Covid-19 Has Elevated Aviation Safety to New Heights, Says Industry Leader

Aviation remains the safest way to travel – and, it’s safer today than it has ever been before, according to alumnus Peter Cerdá (’01), regional vice president in the Americas for the International Air Transport Association (IATA), the trade association for the world’s airlines, which also helps build industry policy.

“Since March, only 40 cases out of 1.2 billion passengers have shown (Covid-19) transmission directly from a flight,” he said. “(Flying) is safer today than any time in our history. … The big challenge is getting airplanes into the air.”

Cerdá brought welcome optimism to Embry-Riddle during a recent Aviation Outlook webinar – despite the economic impacts of the Covid-19 pandemic. Many countries have closed their borders, leading to a 90% decline in international traffic compared to the same time last year, he acknowledged. Quarantine requirements have kept many consumers from air travel altogether, opting instead for virtual business meetings, road trips and deferred vacations. So far in 2020, 40 airlines worldwide have ceased operations amid the downturn in traffic.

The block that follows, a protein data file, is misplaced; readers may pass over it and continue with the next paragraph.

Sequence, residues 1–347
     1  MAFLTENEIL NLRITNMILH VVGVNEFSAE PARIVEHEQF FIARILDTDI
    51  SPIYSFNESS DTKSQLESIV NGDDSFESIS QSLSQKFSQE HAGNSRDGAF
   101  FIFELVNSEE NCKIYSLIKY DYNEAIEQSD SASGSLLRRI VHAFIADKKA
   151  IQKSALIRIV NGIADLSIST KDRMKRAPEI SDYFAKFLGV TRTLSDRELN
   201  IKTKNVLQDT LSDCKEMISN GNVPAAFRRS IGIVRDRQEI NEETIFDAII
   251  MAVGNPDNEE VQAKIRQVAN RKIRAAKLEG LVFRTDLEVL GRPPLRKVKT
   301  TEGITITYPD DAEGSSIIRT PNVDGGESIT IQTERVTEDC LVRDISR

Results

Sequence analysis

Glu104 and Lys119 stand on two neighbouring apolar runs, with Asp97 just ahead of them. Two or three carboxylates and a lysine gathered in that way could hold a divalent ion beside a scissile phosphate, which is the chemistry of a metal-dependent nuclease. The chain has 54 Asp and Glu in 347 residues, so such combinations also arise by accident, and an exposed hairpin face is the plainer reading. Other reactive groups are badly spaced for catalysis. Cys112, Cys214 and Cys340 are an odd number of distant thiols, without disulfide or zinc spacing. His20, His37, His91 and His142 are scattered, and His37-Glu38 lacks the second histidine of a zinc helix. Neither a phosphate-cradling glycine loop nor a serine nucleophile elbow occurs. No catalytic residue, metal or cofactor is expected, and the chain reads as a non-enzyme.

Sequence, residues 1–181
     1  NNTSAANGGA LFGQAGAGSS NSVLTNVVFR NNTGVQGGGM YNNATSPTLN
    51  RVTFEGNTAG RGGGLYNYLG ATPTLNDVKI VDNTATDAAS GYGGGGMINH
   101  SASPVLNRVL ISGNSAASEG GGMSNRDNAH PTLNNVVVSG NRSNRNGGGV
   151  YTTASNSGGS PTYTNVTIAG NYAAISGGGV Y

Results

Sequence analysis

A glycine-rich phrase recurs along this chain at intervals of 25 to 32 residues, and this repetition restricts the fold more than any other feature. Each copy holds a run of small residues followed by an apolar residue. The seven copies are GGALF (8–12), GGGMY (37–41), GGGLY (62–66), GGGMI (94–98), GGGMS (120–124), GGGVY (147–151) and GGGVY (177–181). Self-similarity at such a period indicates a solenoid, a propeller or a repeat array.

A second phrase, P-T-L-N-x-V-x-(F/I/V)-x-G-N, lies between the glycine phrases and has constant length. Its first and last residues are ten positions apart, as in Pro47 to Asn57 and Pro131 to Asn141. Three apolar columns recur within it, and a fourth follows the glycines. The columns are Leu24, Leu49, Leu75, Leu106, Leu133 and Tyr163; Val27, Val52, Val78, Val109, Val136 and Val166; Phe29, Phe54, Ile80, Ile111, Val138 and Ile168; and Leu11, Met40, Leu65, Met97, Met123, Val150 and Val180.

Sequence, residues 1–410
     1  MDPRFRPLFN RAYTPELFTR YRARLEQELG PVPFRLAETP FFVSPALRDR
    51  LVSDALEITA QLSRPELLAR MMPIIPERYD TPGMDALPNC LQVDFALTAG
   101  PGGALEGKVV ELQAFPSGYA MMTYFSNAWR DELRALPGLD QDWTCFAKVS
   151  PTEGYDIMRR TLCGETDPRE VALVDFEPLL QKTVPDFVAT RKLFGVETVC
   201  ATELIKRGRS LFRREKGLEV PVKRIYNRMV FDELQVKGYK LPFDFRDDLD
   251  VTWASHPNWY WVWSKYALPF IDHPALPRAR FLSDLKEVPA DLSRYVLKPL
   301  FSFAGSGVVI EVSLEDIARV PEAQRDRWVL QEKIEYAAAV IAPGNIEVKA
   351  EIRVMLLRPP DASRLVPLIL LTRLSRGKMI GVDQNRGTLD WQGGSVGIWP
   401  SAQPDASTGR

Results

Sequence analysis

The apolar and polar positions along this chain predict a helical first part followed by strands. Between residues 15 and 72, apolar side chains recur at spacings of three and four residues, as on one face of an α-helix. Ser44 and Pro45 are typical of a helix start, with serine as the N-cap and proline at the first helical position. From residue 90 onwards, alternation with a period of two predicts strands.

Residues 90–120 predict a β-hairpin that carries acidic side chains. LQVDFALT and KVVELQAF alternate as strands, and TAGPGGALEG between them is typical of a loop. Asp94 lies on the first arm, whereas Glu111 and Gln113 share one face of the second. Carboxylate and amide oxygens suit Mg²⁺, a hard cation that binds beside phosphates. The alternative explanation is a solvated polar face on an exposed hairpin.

The next free and interactive Aviation Outlook event will feature Ted Christie, president and CEO of Spirit Airlines, who will discuss the disruptive air carrier that pioneered ultra-low budget travel. Register now to reserve a virtual seat at the event.

Aviation industry leaders are stepping up to the new challenges, Cerdá noted. In addition to mask requirements, increased touchless check-in options and enhanced safety protocols at airports, Cerdá said, airlines have also come together to adopt stricter plane-cleaning measures across the industry, reduced in-flight food service and altered baggage practices.

“It’s a totally different and radical change — but a change that was needed,” he said. “We will not be a vector of transmission for the virus.”

In spite of those radical changes to the travel experience, Cerdá stressed that these “bio-safety” improvements mark only a first step. Next, the aviation industry will need to convince governments around the world that these measures have been effective, through data. After that, it will need to convince passengers — a task, he believes, is dependent on improved testing.